Even one of his long-time political enemies eventually said in his recently published memoir that Dae-Joong Kim wasn’t the kind of person who could ever be a communist by nature, but he was slandered.
          The funniest thing is that the former prominent politician himself was one of the leaders who were in the front line of slandering.
          But the majority of the public still accuses Dae-Joong Kim of being a communist even after his death.
          It feels like that the emotions are almost just like a religion without question that once you have faith in it, then you mustn’t doubt.

          It is incredibly surprising and disturbing that there are still so many people speaking the same way out there.
          I’ve met so many people like that and sometimes, I was in trouble to cope with their ideas, but I couldn’t say straight to their faces that they were wrong.
          You may understand the circumstances I’ve been in.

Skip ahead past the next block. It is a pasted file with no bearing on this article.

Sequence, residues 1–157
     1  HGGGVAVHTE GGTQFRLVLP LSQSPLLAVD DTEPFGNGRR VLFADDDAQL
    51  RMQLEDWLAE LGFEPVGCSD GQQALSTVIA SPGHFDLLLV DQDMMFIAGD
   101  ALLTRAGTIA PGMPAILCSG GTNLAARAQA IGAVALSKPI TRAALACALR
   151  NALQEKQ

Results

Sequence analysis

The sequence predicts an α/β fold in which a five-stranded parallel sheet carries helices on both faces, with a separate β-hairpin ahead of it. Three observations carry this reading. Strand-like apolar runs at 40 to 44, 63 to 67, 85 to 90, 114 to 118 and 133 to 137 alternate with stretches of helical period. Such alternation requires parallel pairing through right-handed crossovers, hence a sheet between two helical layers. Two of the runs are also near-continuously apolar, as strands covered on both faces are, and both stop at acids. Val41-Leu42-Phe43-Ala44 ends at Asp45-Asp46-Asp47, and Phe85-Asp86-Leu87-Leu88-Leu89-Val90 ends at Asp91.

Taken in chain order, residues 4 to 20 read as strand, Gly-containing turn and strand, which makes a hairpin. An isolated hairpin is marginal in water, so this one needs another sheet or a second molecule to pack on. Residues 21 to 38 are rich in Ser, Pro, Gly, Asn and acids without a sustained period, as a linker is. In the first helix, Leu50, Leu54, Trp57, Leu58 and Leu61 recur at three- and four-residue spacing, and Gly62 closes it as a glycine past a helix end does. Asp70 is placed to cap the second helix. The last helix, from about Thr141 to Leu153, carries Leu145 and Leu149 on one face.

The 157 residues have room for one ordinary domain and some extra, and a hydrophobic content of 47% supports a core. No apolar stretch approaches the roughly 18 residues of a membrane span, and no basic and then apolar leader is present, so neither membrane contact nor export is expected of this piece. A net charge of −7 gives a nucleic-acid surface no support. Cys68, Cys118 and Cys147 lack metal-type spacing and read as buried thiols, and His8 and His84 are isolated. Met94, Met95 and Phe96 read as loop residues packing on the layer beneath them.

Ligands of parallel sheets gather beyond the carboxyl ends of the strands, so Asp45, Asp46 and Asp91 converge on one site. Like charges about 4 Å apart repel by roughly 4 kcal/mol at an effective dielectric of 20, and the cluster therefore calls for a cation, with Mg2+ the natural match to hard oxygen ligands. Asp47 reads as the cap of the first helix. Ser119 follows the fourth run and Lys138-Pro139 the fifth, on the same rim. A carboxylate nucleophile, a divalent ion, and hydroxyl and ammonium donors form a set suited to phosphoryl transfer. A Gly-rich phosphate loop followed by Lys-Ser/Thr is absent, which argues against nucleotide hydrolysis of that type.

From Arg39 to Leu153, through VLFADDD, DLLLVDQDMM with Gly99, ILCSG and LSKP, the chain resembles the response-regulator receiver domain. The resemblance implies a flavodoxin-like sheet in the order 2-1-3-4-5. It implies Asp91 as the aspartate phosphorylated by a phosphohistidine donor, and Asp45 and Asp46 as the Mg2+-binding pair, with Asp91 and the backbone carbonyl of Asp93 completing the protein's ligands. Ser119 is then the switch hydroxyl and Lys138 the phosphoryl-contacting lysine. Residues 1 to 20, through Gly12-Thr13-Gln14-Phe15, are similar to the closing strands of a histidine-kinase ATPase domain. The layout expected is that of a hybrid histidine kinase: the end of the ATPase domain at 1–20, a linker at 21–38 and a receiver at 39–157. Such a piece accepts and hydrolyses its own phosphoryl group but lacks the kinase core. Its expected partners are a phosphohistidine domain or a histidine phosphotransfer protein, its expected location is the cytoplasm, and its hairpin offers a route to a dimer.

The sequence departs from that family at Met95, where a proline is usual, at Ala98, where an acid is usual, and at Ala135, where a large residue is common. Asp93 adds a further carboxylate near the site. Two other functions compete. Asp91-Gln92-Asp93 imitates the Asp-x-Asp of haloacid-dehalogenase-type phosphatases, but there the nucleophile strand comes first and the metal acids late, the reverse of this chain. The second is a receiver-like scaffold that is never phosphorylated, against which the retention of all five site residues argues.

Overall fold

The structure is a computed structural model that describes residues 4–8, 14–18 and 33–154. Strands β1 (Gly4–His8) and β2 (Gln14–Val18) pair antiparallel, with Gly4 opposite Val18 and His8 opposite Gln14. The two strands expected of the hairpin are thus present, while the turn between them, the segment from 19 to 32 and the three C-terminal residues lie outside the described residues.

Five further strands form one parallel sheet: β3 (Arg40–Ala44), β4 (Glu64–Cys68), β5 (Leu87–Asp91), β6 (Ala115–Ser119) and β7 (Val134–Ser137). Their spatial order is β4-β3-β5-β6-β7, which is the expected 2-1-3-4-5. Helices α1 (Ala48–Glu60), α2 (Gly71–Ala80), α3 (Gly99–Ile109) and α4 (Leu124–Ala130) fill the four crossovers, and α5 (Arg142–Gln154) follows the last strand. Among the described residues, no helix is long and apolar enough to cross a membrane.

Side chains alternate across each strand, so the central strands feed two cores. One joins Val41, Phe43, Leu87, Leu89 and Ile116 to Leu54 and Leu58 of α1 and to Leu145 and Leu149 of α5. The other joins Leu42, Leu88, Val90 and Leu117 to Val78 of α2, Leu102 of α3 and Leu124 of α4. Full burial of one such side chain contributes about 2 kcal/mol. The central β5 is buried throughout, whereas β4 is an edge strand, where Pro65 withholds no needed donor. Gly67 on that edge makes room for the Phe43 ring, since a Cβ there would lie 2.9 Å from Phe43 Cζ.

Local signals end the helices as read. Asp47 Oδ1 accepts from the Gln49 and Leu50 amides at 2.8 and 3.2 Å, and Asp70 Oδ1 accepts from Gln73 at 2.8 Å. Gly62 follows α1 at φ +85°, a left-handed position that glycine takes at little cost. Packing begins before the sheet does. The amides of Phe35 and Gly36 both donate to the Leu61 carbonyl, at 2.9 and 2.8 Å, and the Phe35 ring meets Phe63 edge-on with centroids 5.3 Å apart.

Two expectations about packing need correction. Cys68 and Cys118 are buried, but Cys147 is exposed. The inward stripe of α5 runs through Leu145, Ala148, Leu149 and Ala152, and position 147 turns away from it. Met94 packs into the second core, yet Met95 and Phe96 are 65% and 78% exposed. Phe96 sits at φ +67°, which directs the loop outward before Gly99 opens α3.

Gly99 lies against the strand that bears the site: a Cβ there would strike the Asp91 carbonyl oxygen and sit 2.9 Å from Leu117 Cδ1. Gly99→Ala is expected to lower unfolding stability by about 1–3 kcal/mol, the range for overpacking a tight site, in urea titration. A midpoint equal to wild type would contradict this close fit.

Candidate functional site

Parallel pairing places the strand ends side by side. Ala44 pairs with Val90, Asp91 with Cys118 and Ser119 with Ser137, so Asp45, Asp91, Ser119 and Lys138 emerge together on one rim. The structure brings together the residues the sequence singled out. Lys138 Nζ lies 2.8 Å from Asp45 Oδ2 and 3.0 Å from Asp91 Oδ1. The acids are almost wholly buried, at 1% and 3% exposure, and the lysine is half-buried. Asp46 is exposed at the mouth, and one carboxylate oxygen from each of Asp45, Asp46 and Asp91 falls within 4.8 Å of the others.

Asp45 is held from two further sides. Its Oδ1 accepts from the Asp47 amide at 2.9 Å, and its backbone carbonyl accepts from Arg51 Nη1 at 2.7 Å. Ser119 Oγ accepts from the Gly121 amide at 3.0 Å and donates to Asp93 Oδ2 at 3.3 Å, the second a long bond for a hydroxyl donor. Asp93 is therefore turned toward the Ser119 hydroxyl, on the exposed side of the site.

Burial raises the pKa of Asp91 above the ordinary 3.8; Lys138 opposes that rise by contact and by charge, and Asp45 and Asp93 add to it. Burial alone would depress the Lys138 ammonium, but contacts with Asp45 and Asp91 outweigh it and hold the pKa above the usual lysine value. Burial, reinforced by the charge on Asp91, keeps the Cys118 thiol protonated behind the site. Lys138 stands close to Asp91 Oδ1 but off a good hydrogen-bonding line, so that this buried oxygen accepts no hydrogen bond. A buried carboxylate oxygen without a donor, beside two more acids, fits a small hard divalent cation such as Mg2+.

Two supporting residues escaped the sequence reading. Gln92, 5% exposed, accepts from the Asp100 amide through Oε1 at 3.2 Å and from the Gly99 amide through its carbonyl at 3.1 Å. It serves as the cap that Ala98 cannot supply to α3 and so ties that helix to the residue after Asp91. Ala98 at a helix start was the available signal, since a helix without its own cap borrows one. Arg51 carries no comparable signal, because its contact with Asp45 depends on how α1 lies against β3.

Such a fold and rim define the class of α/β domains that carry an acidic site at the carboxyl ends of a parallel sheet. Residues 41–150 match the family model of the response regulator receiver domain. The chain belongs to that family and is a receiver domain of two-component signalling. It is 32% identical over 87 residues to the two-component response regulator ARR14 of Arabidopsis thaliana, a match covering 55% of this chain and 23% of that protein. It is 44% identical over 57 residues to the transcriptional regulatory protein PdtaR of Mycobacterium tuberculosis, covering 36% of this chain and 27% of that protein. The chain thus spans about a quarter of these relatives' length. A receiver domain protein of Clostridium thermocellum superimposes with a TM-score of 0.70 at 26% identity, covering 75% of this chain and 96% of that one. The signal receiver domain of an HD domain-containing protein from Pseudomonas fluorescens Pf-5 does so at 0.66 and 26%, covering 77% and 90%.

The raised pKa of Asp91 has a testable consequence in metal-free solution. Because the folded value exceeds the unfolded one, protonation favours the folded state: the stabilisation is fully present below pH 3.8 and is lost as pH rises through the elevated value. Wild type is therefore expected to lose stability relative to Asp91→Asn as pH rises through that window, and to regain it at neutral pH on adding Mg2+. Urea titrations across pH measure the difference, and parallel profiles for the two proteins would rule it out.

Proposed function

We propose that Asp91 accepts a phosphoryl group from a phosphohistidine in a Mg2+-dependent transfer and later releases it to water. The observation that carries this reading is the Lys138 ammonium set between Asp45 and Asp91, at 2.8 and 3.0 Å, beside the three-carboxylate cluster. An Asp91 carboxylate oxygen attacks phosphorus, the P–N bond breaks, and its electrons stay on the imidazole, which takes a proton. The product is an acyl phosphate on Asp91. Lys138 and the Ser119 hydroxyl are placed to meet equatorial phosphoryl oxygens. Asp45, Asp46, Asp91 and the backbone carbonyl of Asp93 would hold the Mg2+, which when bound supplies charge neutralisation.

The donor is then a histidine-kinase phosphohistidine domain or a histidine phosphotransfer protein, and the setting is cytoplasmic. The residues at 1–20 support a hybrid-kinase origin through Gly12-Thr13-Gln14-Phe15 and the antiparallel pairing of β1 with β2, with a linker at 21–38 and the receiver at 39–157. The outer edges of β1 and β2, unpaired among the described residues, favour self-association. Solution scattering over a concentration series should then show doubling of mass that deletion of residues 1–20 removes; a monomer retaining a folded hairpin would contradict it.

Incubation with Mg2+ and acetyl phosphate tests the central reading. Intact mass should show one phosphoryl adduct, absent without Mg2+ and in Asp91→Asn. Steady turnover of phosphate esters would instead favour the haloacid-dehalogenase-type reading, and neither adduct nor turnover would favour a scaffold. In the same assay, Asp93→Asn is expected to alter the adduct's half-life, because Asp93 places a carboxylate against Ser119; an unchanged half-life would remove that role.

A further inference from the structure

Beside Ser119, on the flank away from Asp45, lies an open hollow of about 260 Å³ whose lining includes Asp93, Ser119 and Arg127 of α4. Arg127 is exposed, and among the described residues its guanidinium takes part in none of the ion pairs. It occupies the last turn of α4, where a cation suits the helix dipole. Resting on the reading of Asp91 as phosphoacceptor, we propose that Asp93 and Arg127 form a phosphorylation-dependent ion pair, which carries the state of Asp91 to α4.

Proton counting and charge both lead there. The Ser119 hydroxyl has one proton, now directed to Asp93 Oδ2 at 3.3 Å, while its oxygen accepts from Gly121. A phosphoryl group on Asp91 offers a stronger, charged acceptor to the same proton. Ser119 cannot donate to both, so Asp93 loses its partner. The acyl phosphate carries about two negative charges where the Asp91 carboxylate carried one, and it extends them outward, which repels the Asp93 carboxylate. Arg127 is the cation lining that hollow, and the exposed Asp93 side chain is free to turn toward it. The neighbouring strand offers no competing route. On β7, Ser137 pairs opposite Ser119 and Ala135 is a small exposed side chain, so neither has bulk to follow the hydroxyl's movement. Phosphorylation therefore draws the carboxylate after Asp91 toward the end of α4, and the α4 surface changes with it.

So I’ve tried to understand (but never to agree) why they have come up with that kind of totally irrational ideas, but there have been no proper explanations given to me so far.
          I think it’s because those emotions and ideas are all built on the fabrications planted by brainwashing so there can’t be anything to explain or logic in the first place.

          So I thought if Mr Chung had ever had that kind of feelings about the left, it might have not been entirely his fault.
          And that’s why I was trying to be careful and saved my breath before criticising his political view (if he had one).

          And when I saw Mr Chung conducting the North Korean orchestra in Paris, I felt that he was a bit different from those who just blindly followed the so-called right-wing party.
          I felt that he truly wanted to make a progress and to contribute what he could do.
          Whether or not it was a successful attempt, his will and motivation were pretty clear to me.
          He was just following his goodwill, but no policies of any political groups.